The second column is programming. We are always involved in various research initiatives. We just finished a groundbreaking study with Stanford on ibogaine for traumatic brain injury. We’re also involved with Ohio State for a long-term data collection project, as well as a couple of other initiatives that we’re reviewing.

The third pillar is advocacy. In essence, we’re able to take the incredible voices and experiences from resources and pair those alongside the data in order to advocate for change of both the state and federal level because, you know, the psychedelic renaissance is certainly upon us and what has been thriving in the underground for decades is suddenly coming above board.

JB: You guys are in Texas, right?

Amber: Texas was the first state to actually pass legislation around psychedelics and we were a huge part of that. The strategy to do so was pretty aggressive and it was a bit of a shot in the dark two years ago when it passed, but it certainly laid the foundation for other states to follow suit. And you know, my thought is if Texas can pass legislation, any state should be able to. So basically what Texas does and what we’re advocating for other states to do is use taxpayer funding instead of relying on philanthropy, which has been what has brought this psychedelic re-emergence to the point that it is now.

I think it’s time for state and federal dollars to take over here because there are people struggling in every single state. Veterans don’t qualify for a lot of the studies happening in private research institutions and the studies happening sort of around the globe are philanthropically and very limited in terms of needing one diagnosis and one potential treatment. Veterans have a number of diagnoses typically and so they’re ruled out of studies.

So what Texas did was ensure that veterans could take part in a study with psilocybin by pairing Baylor College of Medicine with the Houston VA.

On the Federal level, it’s a bit more complex. But we’ve also had significant progress in a pretty short amount of time at the federal level as well. I think that one of the most promising and beautiful things about our mission is that it is a space where Democrats and Republicans can actually agree on something.

JB: What would you say to veterans who aren’t happy with the connotations? 

Amber: I’ve never been able to fully understand how we’re fighting the veteran suicide epidemic with medications linked to suicide. There’s a label on the side of every single bottle. “This is may increase thoughts of suicide suicidality.” There hasn’t been a meaningful breakthrough in mental health care since the invention of the SSRI over 35 years ago and at this point, with the veteran suicide rate of roughly 20 per day, I think we need to keep an open mind and be willing to look at anything. And I think enough veterans now are speaking out about the promise of psychedelic therapy that hopefully, people are starting to pay attention.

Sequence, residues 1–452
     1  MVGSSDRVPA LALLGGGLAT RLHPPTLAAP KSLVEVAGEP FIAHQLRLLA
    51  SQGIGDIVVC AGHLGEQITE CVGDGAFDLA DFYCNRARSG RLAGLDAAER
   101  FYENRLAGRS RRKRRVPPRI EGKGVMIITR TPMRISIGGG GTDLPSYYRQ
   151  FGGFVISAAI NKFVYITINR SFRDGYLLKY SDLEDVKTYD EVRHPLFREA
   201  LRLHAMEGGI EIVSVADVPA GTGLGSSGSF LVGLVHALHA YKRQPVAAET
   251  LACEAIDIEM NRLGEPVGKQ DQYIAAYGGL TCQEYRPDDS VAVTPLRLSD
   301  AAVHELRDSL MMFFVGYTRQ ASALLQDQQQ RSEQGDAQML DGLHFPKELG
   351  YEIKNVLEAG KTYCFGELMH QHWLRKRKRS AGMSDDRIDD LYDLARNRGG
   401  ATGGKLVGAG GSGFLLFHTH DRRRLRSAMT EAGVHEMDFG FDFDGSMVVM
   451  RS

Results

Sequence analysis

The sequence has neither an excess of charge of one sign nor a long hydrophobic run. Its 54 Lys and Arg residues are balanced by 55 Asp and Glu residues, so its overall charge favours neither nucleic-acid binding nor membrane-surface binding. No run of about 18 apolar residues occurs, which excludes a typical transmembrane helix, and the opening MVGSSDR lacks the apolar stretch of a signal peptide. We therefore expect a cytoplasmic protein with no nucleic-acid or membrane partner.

But beyond that, we certainly worry about words spreading too quickly or misinformation and being populated in a very, very honorable community that this is some sort of panacea or miracle cure. It is absolutely not. It unlocks the ability to do very hard work. So but someone going to a vetted safe retreat and knowing that you know they’re receiving the therapy that has been sourced and dosed appropriately in a safe setting and they’re supported with prep and integration coaching by professionals before during and after is absolutely critical to the overall success.

JB: What’s the success metric? And how many have you seen that have been successful?

Amber: We just did a survey of right around 100 VETS grant recipients and 94.3% of them reported incredibly favorable changes to their lifestyle after the experience. One hundred percent of them said they would recommend VETS to a friend and 100% of them said that they would recommend psychedelic therapy to a friend.

JB: What can people do to help out?

Amber: Our mission is one hundred percent donor-dependent and as we grow and size and impact, it unlocks a need that we perpetually cannot meet. For every article that’s published, we get significantly more applications that we cannot fund than we do dollars to help us expand. We’re always up against the fundraising need.

You can donate to VETS here.

By John Biggs

John Biggs is an entrepreneur, consultant, writer, and maker. He spent fifteen years as an editor for Gizmodo, CrunchGear, and TechCrunch and has a deep background in hardware startups, 3D printing, and blockchain. His work has appeared in Men’s Health, Wired, and the New York Times.